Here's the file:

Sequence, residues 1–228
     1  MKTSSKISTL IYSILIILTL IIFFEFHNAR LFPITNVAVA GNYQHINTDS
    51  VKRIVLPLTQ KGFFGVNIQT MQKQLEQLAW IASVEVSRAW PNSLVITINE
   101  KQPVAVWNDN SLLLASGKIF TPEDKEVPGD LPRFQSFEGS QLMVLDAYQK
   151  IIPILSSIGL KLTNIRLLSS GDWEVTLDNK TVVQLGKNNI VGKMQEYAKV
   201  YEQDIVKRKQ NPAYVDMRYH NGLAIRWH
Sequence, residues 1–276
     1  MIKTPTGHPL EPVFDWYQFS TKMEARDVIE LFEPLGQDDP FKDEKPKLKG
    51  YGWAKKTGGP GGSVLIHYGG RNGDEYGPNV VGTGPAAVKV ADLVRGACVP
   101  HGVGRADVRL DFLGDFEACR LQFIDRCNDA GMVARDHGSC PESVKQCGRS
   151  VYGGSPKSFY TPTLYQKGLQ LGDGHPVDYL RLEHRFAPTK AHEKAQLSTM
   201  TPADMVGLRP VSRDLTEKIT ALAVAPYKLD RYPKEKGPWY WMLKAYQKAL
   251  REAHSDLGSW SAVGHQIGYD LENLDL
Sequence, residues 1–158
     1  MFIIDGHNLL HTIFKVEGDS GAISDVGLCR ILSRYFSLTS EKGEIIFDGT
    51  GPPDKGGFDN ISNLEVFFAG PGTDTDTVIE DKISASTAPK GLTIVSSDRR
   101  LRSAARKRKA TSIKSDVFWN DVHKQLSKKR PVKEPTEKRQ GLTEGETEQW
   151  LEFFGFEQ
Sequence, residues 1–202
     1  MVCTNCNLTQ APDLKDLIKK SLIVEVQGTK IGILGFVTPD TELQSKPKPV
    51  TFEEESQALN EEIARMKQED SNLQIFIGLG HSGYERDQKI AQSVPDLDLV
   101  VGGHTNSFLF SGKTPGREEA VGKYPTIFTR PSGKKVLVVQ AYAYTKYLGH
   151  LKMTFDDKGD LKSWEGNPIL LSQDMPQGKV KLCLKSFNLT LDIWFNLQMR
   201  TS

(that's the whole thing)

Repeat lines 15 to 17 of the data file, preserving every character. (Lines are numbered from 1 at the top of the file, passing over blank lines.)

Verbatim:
     1  MFIIDGHNLL HTIFKVEGDS GAISDVGLCR ILSRYFSLTS EKGEIIFDGT
    51  GPPDKGGFDN ISNLEVFFAG PGTDTDTVIE DKISASTAPK GLTIVSSDRR
   101  LRSAARKRKA TSIKSDVFWN DVHKQLSKKR PVKEPTEKRQ GLTEGETEQW